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This code was to create how many people enter the "building" so there will be someone clicking the button "count". I am still improving. Please let me know your honest opinions!

from tkinter import *
import math

win = Tk()

global counter
counter = 0

def closewindow():
    exit()



def continuewindow():
    global counter
    counter+=1
    print ("Total number of people entering: ")
    print (counter)


b1 = Button(win,text="Count",command=continuewindow)
b2= Button(win,text="Exit",command=closewindow)


b1.pack(side=LEFT)
b2.pack(side=LEFT)
mainloop()
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Personally, when building GUI applications I like to wrap my code into a class, and handle each action into each own method. I'll start from top to bottom.

I don't use wildcard imports. I import the package as "tk", which requires that I prefix all my tkinter commands with tk. This prevents global namespace pollution, plus it makes the code completely obvious when you are using tkinter classes, ttk classes, or some of your own.

So, I'd write the import as:

import tkinter as tk

The main application should be a class. This will give you a private namespace for all your callbacks and private functions (if any), and just generally makes it easier to organize the code. The way you did (procedural style) you have to code top-down, defining functions before using them, etc. With this method you don't, since you don't actually create the main window until the very last step. (as you'll see).

Let's start building our class step by step:

class CountVisitors:
    """
    GUI Application which counts how many visitors enter the building.
    The application prints the count of visitors in the console
    """

I've started by giving our class a name, and writing just below it a docstring which tells the users what the class is supposed to do.

After we've defined our class, we should initialize some of the components of our application and we're gonna use a constructor, which by convention is the __init__ method:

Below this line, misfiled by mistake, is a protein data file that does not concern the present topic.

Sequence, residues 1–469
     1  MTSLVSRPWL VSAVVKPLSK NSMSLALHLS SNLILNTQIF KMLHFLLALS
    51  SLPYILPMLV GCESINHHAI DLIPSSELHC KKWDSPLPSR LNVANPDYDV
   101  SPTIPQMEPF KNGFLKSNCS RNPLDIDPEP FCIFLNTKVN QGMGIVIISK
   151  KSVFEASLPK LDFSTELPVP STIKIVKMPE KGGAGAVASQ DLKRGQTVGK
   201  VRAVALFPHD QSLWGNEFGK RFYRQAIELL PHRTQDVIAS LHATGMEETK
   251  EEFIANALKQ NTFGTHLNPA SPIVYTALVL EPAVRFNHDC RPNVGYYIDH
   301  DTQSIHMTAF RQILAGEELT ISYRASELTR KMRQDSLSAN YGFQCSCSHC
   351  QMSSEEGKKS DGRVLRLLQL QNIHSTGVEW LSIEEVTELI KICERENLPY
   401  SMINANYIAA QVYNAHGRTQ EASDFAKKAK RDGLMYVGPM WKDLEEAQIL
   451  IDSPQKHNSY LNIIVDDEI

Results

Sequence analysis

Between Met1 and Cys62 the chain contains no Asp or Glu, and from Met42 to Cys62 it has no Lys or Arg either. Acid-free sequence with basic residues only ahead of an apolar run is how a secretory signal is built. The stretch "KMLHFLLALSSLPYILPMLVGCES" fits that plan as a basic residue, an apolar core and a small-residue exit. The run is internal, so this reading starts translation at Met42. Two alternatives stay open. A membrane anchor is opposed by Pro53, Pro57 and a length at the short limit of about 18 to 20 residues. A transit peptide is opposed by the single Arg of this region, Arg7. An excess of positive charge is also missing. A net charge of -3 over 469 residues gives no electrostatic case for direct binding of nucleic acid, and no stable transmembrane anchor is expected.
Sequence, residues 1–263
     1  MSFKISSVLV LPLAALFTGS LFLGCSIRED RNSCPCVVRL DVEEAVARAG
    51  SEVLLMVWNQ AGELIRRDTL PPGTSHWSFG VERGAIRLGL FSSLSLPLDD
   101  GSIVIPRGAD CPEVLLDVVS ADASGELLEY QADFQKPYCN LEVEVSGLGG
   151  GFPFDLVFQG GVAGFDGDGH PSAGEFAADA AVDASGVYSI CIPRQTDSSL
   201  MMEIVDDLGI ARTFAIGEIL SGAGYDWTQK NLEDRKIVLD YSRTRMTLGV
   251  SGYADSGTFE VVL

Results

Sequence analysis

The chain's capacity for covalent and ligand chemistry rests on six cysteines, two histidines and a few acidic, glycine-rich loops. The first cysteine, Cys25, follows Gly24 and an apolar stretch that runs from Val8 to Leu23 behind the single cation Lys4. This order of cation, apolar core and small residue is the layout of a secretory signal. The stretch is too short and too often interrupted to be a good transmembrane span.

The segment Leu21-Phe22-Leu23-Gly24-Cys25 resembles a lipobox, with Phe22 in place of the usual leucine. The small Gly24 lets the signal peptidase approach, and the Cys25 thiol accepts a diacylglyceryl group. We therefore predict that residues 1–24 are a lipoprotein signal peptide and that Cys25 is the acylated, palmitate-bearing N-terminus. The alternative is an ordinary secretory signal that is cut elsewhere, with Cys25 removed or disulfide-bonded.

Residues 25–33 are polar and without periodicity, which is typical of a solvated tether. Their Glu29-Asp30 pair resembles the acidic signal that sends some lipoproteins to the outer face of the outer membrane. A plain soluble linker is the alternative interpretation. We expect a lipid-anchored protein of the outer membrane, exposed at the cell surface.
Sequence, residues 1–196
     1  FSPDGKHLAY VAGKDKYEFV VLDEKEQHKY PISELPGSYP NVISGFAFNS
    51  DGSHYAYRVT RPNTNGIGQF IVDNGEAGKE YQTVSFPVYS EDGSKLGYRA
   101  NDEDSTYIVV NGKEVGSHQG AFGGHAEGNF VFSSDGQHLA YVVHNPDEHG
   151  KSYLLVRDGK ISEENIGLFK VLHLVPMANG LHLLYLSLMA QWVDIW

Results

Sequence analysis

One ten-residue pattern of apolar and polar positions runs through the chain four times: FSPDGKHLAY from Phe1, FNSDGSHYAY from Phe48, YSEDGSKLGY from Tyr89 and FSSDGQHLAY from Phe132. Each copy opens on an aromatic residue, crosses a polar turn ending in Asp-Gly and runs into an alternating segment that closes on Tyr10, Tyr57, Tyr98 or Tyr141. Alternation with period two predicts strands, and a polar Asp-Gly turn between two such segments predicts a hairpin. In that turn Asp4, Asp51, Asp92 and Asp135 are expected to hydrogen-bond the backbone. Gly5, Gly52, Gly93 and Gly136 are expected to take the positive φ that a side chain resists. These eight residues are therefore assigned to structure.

def __init__(self, master):
    self.master = master

    self.button1 = tk.Button(self.master, text="Count", command=self.count_visitors)
    self.button2 = tk.Button(self.master, text="Exit", command=self.close_window)

    self.button1.pack(side=tk.LEFT)
    self.button2.pack(side=tk.LEFT)

    self.button_clicks = 0

Now, whether or not __init__ is a constructor or not is not our concern here. If you're not familiar with what a constructor it is, well...it's nothing more than a special kind of method that Python calls when it instantiates an object using the definitions found in some class. Basically, Python relies on the constructor to perform tasks such as initializing (assigning values to) any instance variables that the object will need when it starts.

So, in the above code, we've initialized our parent app, our buttons, and the counter that will keep track of the visitors.

Moving forward, I'll create two separate methods which will handle the two actions we'll have in our app:

  • counting / printing the visitors
  • closing the application
def count_visitors(self):
    self.button_clicks += 1
    print(self.button_clicks)

def close_window(self):
    self.master.destroy()

If you didn't noticed, it wasn't necessary to force the application to close using exit() (which by the way, is frowned upon) because tkinter has its own way of doing exactly that using the destroy() method.

Now, all you have to do is to create a main() method where you'll instantiate the class and start it:

def main():
    root = tk.Tk()
    CountVisitors(root)
    root.mainloop()

The entire code:

import tkinter as tk


class CountVisitors:
    """
    GUI Application which counts how many visitors enter the building.
    The application prints the count of visitors in the console
    """
    def __init__(self, master):
        self.master = master

        self.button1 = tk.Button(self.master, text="Count", command=self.count_visitors)
        self.button2 = tk.Button(self.master, text="Exit", command=self.close_window)

        self.button1.pack(side=tk.LEFT)
        self.button2.pack(side=tk.LEFT)

        self.button_clicks = 0

    def count_visitors(self):
        self.button_clicks += 1
        print(self.button_clicks)

    def close_window(self):
        self.master.destroy()


def main():
    root = tk.Tk()
    CountVisitors(root)
    root.mainloop()

if __name__ == '__main__':
    main()
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